1. Green tea
Since so many vegans and vegetarians prefer green tea, let’s discuss it right away! The fact is that, according to many studies, green tea is actually good for health. It is rich in antioxidants, it helps to strengthen the immune system, helps in the treatment of asthma, the common cold, a number of cardiovascular diseases, Alzheimer’s disease and even cancer.
To make green tea even healthier, add some fresh lemon or orange juice to it – this will enrich the drink with vitamin C (note that this will not work with expensive varieties of green tea, which lemon will reduce the taste to the level of ordinary ones).
2. Ginger tea
in taste and action, ginger has long been known in naturopathy. It is useful in the fight against infections at an early stage, with intestinal problems, colds, respiratory diseases, and also as a mucus reducer and improves blood circulation. Ginger is great for seasickness – although, as noted, not for everyone.
Fresh, organic, market-bought ginger is the healthiest. Cut a few thin slices from the root, and put in tea, let it brew.
Some even grow ginger at home! This is not difficult.
3. Infusion of chamomile
Chamomile tea is also very popular. It is good to drink it at night, because. chamomile makes you sleepy: it is useful for those who have trouble falling asleep (chamomile contains amino acids responsible for the functioning of relaxation mechanisms in the body). People who have hard work, stress – it is better to drink chamomile infusion than some other tea or sleeping pills.
4. Cinnamon tea
Cinnamon isn’t just a spice that’s great in your favorite buns and cookies! Cinnamon is useful in the fight against intestinal disorders and colds, it can reduce blood sugar. It also strengthens memory and is generally good for the brain. In addition, cinnamon has antibacterial and antifungal properties.
It is best to take cinnamon sticks (“whole”), and not powder: the sticks are not only fragrant, but also beautiful. They must be poured with boiling water and let it brew for about 20 minutes, until the infusion becomes reddish.
5. Black tea
In fact, “good old” black tea is also very useful, although drinking it has not been fashionable lately. Black tea is high in antioxidants, as well as slow-release caffeine and other brain-boosting micronutrients. Black tea helps with sore muscles and – when consumed regularly – increases bone density. However, it should be noted that black tea is a diuretic (diuretic), it, like coffee, loads the kidneys quite heavily, so these two drinks should be drunk in limited quantities.
This tea drink came to us from South Africa. It is rich in vitamin C, beneficial minerals and antioxidants, boosts immunity and even prevents aging. Applied externally, rooibos infusion copes with a number of skin diseases (for example, acne and eczema). Thanks to its antioxidant content, rooibos helps in detoxifying the body.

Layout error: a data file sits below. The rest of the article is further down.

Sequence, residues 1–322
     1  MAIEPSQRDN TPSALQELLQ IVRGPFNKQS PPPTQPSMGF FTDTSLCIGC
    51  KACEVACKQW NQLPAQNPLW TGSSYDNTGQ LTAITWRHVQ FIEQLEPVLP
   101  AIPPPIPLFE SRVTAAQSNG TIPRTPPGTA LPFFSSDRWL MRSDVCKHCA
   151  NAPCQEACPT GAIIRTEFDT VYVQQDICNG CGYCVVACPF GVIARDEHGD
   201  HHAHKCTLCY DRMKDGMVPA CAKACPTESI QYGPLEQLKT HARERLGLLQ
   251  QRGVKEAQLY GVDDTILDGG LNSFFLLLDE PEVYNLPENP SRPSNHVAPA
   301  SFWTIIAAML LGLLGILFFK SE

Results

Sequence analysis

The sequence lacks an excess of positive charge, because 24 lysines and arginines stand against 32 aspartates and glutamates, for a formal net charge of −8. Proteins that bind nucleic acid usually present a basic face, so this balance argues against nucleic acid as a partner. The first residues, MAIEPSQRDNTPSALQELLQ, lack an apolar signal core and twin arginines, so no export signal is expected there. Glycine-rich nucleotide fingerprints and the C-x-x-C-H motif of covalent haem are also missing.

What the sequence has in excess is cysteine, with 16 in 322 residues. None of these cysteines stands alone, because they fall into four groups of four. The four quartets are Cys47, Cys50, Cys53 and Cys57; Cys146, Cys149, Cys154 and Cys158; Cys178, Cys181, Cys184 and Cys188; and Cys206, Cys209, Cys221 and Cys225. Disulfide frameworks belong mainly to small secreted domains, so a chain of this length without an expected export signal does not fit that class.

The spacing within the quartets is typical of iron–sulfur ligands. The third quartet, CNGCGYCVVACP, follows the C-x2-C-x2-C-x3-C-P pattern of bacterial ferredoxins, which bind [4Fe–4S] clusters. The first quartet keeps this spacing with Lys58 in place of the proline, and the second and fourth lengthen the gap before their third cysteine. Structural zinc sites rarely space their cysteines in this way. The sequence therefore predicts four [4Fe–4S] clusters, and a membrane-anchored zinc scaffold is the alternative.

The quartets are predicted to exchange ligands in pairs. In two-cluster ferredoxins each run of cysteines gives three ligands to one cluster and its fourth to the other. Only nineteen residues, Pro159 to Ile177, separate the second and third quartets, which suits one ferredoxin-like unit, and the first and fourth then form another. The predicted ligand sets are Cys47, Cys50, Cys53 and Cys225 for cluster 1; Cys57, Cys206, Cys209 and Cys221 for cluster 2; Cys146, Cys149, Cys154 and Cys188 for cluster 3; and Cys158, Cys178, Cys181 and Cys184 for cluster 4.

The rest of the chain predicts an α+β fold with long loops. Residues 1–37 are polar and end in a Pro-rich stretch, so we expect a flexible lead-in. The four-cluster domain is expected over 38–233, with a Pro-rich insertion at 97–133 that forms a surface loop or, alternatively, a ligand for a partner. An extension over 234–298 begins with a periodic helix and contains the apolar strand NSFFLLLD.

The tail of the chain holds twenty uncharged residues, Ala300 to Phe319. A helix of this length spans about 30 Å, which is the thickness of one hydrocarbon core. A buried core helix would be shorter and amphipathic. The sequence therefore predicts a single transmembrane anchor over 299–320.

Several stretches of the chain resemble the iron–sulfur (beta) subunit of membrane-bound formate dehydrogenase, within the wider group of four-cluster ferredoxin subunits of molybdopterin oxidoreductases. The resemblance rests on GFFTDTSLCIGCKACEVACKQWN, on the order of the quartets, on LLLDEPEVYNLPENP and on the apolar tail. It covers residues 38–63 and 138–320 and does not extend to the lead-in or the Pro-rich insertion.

7. Raspberry leaf tea
Unfortunately, raspberry leaves do not smell like raspberries at all, and they do not taste sweet at all. But they can make tea that tastes like black, only without caffeine! In addition, raspberry leaf tea is beneficial for women’s health: in particular, it reduces the symptoms of PMS, increases fertility, and facilitates childbirth. For men, this tea can also be useful: for example, it helps with gingivitis and other gum diseases.
8. Masala tea
This tea has not one, but many useful components! Popular in India and other eastern countries, masala chai is made by brewing a mixture of spices in milk or water, each of which has a number of beneficial properties. So, for example, the composition of the mixture for masala chai necessarily includes cinnamon and ginger (their qualities have already been mentioned above), as well as cardamom (helps detoxify the body), cloves (anti-nausea, pain reliever) and black pepper (helps to reduce weight and good for digestion). In general, masala chai is such a complex remedy that improves health and improves digestion and blood circulation.
9. Jasmine tea
Adding jasmine flowers to tea is not only beautiful and fragrant (oh, how gracefully they bloom in a glass teapot!), but also useful: they contain antioxidants that prevent cancer. In addition, jasmine tea helps fight stress and has antiviral properties, so it protects against colds and flu. There is also evidence that jasmine tea helps fight excess weight.
Please note that sometimes ordinary black or green tea with a chemical flavor is sold under the guise of “jasmine tea” – it, of course, does not have the above beneficial properties. Also, you should not pick jasmine flowers during its flowering period within the city – they look very good, but they are not suitable for tea, because. they may have a high content of heavy metals, and in addition, tea with “urban” jasmine can be very bitter, irritate the throat. It is better to give preference to purchased, including Chinese, dried jasmine, which was grown in environmentally friendly conditions and properly harvested.
Perfectly familiar to all tea lovers, peppermint has a very pleasant aroma and taste, as well as a number of useful properties. For example, it helps with halitosis, nausea and vomiting. In addition, mint is easy to grow at home, on the windowsill.